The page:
Website alert: This morning, my husband sent me a link to Old Book Illustrations, searchable by subject, artist, or book title. He has a special interest in William Morris and the Pre-Raphaelites. I have a special interest in female illustrators. Put them together in a quick search and voilà: One of Florence Harrison's illustrations for Early Poems of William Morris. Have fun!
Picturing a World
As a follow-up to our writer in the library, Mrs. Sperling at her. needlework is another glimpse of Regency life. It prompts fewer ideas for stories, but isn't it cheerful? I love the way you look through the open French doors into trees, for instance. And it leads to Mrs. Hurst Dancing & Other Scenes from Regency Life, 1812–1823, with with all the freshness of amateur-artist Diana Sperling's authentic delight in the life around her.
Oddly enough, I remembered this watercolor as "Lady Pole in Her Library." Nope, the artist was Thomas Pole, an American transplant to Bristol, England, a doctor and Quaker preacher—no titled lady involved. Still, you know me: it's all about using images to prompt story ideas. And quiet as it is, In the Library has some suggestive clues.
Blog post alert: Something I would never have thought of: jotting down quick sketches—graphic or verbal—of what you see in the background while watching television series. Kathleen Jennings did. Read her post on TV Sketching—Backgrounds. Then try it!
In my work-in-slow-progress, "Anonymity," I have given my main character, Mattie, an apartment near 110th Street in New York and sent her walking through Morningside and Central Parks. In order to do so, I've looked at lots of historic photographs of the area, which was being built up in the first decades of the 20th C. It looked raw. By contrast, this postcard by Rachael Robinson Elmer makes it look lush and glamorous in a very urban way.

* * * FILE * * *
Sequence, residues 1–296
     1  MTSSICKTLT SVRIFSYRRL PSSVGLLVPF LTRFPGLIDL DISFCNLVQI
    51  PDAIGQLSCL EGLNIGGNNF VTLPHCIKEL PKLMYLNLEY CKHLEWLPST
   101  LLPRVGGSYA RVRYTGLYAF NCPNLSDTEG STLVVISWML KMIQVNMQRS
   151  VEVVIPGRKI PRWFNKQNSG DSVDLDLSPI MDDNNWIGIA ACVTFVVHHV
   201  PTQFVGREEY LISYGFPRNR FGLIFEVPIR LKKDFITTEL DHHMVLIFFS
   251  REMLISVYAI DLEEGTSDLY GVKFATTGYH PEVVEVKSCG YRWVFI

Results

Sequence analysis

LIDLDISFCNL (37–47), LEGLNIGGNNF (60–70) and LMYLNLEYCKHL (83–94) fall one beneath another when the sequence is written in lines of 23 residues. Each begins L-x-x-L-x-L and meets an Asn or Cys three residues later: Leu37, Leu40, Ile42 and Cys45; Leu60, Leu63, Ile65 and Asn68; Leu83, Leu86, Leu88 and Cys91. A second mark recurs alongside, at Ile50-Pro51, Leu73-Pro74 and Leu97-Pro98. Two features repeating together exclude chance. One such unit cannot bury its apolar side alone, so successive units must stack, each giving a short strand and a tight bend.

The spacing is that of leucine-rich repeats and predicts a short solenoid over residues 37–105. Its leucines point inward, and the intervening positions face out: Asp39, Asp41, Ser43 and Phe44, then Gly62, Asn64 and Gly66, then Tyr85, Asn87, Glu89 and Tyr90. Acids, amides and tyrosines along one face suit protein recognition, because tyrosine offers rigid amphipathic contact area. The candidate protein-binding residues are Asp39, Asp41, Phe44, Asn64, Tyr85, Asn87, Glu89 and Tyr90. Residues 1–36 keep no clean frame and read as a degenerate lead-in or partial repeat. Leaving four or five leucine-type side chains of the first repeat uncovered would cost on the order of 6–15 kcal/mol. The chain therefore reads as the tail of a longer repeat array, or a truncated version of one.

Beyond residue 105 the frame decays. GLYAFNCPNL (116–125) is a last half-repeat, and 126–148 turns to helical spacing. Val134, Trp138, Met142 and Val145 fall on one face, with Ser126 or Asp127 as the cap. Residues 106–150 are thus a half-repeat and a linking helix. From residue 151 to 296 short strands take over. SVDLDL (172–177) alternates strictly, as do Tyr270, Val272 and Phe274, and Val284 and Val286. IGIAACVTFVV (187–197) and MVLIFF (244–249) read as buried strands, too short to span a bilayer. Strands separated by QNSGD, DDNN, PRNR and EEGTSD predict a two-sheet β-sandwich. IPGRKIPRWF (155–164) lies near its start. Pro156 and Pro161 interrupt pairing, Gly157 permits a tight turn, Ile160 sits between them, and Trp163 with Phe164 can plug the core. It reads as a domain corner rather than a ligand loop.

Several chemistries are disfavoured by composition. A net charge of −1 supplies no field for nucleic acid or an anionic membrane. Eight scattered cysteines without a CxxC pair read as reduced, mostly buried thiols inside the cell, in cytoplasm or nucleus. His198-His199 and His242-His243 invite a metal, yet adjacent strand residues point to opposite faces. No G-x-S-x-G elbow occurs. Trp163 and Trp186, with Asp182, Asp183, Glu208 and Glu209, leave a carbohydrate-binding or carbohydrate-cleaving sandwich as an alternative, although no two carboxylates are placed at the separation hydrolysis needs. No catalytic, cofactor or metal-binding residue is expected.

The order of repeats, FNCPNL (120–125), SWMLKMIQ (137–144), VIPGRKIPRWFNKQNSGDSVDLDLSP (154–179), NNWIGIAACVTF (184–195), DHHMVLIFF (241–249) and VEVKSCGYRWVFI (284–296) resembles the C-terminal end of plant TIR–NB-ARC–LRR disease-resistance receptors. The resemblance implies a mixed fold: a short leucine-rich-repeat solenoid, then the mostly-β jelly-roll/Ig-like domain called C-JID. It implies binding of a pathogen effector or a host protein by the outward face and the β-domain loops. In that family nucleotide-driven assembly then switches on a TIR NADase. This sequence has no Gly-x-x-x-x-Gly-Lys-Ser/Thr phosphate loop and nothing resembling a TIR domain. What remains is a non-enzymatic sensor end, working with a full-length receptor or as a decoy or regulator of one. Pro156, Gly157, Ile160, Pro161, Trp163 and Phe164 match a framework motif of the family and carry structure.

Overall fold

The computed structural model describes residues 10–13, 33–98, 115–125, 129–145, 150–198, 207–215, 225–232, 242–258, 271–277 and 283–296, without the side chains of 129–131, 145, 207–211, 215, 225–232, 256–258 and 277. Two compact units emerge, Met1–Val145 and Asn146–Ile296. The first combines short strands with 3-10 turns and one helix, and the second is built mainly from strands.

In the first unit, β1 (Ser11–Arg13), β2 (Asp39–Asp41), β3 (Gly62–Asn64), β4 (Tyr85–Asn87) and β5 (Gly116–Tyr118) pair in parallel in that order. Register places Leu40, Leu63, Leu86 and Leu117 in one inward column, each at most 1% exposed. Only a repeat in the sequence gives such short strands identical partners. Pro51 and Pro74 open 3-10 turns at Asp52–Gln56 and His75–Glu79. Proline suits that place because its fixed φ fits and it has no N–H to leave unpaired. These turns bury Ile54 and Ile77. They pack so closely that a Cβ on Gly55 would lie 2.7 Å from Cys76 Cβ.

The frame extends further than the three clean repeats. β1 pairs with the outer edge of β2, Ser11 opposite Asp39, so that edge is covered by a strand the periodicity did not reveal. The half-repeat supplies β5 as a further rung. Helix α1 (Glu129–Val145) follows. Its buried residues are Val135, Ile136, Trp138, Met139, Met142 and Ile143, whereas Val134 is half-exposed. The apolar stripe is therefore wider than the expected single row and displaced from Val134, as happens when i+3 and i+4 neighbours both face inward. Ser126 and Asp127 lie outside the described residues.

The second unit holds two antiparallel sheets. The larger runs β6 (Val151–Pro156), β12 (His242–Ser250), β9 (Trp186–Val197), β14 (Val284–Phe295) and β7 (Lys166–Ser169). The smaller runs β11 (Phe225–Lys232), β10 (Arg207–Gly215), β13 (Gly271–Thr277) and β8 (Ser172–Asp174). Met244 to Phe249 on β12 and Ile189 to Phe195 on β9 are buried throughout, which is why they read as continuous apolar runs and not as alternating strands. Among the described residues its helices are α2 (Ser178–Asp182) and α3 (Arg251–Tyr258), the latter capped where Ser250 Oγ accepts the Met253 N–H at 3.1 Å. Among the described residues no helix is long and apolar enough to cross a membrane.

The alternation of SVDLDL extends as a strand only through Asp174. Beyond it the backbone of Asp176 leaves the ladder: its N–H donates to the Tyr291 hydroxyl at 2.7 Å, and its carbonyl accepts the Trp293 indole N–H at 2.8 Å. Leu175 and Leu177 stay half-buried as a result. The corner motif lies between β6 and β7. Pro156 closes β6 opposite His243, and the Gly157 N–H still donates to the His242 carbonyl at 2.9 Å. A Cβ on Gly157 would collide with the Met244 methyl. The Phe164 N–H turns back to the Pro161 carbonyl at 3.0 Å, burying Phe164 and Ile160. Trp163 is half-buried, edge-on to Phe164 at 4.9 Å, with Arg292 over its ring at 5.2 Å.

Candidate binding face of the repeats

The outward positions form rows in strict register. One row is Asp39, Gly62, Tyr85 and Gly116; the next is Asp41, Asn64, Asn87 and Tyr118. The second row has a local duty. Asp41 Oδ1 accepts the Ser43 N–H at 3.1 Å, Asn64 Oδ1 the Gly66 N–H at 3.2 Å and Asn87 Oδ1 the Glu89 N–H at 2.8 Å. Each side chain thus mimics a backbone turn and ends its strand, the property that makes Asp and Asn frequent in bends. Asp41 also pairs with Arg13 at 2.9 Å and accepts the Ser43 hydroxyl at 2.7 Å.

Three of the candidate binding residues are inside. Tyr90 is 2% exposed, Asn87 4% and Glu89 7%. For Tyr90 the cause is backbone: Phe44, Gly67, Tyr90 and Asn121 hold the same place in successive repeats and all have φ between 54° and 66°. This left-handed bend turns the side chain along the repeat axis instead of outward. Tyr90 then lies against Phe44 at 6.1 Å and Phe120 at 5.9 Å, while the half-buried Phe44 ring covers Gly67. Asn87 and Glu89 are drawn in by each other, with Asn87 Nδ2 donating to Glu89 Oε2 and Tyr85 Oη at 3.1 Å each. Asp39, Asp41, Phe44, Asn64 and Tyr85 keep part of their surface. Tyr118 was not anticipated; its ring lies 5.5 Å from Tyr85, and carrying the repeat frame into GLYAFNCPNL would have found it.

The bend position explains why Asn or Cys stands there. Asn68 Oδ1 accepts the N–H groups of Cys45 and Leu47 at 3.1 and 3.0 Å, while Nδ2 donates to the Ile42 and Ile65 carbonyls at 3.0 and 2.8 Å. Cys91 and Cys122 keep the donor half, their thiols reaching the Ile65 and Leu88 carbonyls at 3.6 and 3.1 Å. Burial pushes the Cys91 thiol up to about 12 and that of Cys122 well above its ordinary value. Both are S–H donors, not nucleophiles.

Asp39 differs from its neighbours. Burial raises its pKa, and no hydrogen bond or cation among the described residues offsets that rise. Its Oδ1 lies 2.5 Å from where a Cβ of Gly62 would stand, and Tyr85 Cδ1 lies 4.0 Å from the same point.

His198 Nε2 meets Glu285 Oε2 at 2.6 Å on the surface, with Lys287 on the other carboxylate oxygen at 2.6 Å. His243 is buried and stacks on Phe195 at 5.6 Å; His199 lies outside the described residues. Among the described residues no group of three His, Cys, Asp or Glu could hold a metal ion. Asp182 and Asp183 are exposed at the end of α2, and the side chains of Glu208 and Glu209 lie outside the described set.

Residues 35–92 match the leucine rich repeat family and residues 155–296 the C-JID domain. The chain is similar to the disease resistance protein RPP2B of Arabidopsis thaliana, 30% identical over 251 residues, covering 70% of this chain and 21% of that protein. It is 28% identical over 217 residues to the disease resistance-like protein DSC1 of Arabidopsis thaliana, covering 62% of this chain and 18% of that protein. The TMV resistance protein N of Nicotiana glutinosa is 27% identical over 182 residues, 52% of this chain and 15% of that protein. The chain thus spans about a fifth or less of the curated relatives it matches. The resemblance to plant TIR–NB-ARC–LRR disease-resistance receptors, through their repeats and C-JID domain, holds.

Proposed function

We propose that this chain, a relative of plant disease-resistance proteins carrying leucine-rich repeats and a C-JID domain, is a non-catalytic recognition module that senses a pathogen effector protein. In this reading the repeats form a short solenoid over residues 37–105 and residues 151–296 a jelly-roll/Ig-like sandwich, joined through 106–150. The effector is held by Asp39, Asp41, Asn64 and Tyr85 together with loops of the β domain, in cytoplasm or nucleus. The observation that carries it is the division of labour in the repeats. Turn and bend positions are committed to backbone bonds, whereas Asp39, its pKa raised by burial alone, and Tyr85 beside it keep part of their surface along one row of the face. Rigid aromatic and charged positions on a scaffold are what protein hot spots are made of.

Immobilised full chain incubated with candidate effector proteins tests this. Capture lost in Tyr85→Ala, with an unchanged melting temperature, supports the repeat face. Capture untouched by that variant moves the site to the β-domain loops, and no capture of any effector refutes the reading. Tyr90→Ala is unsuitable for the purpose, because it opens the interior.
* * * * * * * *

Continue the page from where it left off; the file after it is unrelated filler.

Ordinarily, in my writing life, I look at pictures to help with descriptions or suggest story lines, but Kristin Bjornerud's Conjuration with an Oath strikes me as emblematic of something at the heart of what all artists do. We call up stories or songs or paintings or dance and turn them loose,. They come out of our bare-footed selves and take on lives of their own. The look of concentration on the woman's face and the smallness of these pronghorn deer, moreover, are reassuring: Not every project or artifact has to be large; they live if we make them as fine as we can.
Via Myth and Moor, Come into animal presence, a post with more Bjornerud watercolors.
Blog post alert: I've been reading a diary from 1909. Its author's sister had a baby, which the diarist described as "looking like Billiken." Okay, I Googled and was delighted to find that the artist who invented this odd little good-luck figure was a woman, an art teacher, Florence Pretz, and the year was my magic 1908. The best account of the phenomenon is 1908: Behold The Amazing Billiken—worth a detour if you are interested in how an oddball invention became St. Louis University mascot and a god in Japan.
I honestly don't remember why I set this image aside for a blog post. True, a 1905 retelling of a Shakespearean story fits into the time frame for Mattie in my work-in-progress to have seen it, and Helen Stratton is one of those forgotten female artists it's fun to rediscover. What strikes me today, though, is the figure of Caliban. When you've just read Kindred, he would!
As a follow-up to yesterday's post, what fun! Father Christmas calling down the reindeer in a more natural version of his ice palace. This is obviously not the North Pole; but, after all, why not imagine his workshop somewhere in the North Woods? Or take the picture literally and see it as the backdrop for a theatrical production. I'm devouring it like a bon-bon, but if we play this year's story-generating game, there are already three possibilities: a story about Santa Claus, a story about a staged show, a story about a 1951 magazine.